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May 30, 2023

Understanding Cyber Exposures for Nonprofit Organizations

Stealing from charities may seem especially wrong, but many hackers have no qualms about stealing data from nonprofit organizations. In fact, nonprofits can be attractive targets, so employees and volunteers must watch out for ransomware, phishing schemes, and other types of attacks by minimizing cyber exposure for nonprofits.

Why Cybercriminals Target Nonprofit Organizations

Cybercriminals target organizations in any industry and of any size. However, they tend to focus on organizations with the things they want – namely, money or sensitive information. Nonprofits are attractive targets for several reasons. For instance, they may:

  • Have donor information. If hackers can get their hands on bank numbers and other donor data, they may be able to drain victims’ bank accounts. Hackers can also sell financial information to others.
  • Have client/patient information. Nonprofits may have Social Security numbers, email addresses, physical addresses, and other pieces of personally-identifiable information about clients. Hackers can use this information for identity theft.
  • Be desperate to resume operations. Nonprofits often provide critical services, meaning any downtime can result in harm to the people the organization serves. As a result, nonprofits may give in to ransom demands.

There’s one more reason cybercriminals might focus on nonprofits: many nonprofits lack the investment in IT systems and cyber awareness training that could prevent cyberattacks. As a result, cybercriminals may see nonprofits as easy targets.

Some Attacks Are Down – But Losses Are Up

Some of the numbers from 2022 look promising, but it’s not time to let your guard down. The FBI’s Internet Crime Complaint Center (IC3) saw a 5% decrease in the number of complaints from 2021 to 2022. The number of reported ransomware attacks also decreased. However, the losses from cyber incidents surged from $6.9 billion in 2021 to more than $10.2 billion in 2022.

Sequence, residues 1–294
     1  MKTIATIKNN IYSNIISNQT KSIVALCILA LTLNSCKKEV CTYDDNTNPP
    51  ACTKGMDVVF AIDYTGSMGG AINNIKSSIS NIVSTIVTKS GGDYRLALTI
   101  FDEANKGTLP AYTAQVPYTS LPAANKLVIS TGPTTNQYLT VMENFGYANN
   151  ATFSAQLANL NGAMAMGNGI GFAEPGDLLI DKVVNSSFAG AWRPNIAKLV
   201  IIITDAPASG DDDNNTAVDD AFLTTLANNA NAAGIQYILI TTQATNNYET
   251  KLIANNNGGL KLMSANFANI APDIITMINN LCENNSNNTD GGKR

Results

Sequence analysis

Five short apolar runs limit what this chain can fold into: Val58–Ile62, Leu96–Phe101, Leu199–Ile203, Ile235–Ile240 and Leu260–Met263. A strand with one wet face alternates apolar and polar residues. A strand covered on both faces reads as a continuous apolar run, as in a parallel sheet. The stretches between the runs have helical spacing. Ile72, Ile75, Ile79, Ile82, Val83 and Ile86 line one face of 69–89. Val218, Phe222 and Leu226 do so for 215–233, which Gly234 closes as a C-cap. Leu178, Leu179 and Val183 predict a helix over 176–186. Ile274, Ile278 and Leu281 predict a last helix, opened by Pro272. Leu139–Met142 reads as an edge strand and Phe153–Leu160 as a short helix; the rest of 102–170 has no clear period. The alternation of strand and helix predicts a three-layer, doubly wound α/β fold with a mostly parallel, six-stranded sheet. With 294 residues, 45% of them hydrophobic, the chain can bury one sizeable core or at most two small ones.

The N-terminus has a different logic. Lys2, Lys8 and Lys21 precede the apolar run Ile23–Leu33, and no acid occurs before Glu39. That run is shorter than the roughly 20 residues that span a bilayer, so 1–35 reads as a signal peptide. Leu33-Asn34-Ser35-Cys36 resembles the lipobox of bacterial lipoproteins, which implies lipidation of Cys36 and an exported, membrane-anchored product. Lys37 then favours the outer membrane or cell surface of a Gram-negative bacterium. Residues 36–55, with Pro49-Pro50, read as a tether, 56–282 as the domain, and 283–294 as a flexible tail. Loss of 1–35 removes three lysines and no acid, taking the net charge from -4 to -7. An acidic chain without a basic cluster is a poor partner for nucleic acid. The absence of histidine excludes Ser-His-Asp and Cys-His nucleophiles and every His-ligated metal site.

Cyberattacks remain a persistent and increasingly costly threat. A single incident can result in a wide range of expenses – from the immediate costs of mitigating the threat and recovering systems to the long-term costs related to reputational harm and regulatory compliance.

Cyber incidents are also more costly than many people realize. According to IBM, the average cost of a data breach in 2022 was $4.35 million. Nonprofits also have to consider the impact on donations – if donors don’t trust the nonprofit to keep their financial data safe, they may decide not to give.

The Top Threats

Cybercriminals use a combination of tactics to target victims. Some strategies exploit weaknesses in technical systems; others rely on human error and aim to trick individuals into providing information or opening the door to an attack.

IBM says phishing was the top infection vector in 2022 – in fact, it was the vector in 41% of all incidents. Spear phishing attachments were an especially common tactic, accounting for 62% of all phishing incidents. The second most common infection vector was vulnerability exploitation.

Proactive Management of Cyber Exposures for Nonprofits

Don’t wait until a cybercriminal has infiltrated your system – take proactive steps to prevent and minimize damage now.

  • Train everyone on how to be cyber-savvy. Cyber security is not just the responsibility of the IT department. Everyone at your organization needs to know how to spot and avoid phishing, business email compromise attacks, and other social engineering schemes. Raise awareness on how to avoid fake emails, malicious links, and phony requests. Engage your team by using exercises to practice spotting these scams. In addition, you should create policies on strong passwords, multifactor authentication, avoiding public Wi-Fi and other basic cybersecurity measures.
  • Fix vulnerabilities. If you’re still using unpatched systems and programs with known vulnerabilities, it’s just a matter of time before a hacker exploits a weakness in your system.
  • Create a cyber incident emergency response plan. Identify your risks, determine how an attack would impact your operation, and create a plan to mitigate the damage. CISA offers guidance on how to create your cyber incident response plan.
  • Invest in cybersecurity. Most nonprofits operate on razor-thin margins. You no doubt want to spend every penny you can on the people you serve. However, failing to invest in cybersecurity can lead to bigger costs and problems in the long run. Cybersecurity needs to be a priority, which means investing in secure systems, training, and cyber insurance.

Heffernan Insurance Brokers delivers the insurance products you need to manage your risks, including cyber exposures for nonprofits. Learn more.

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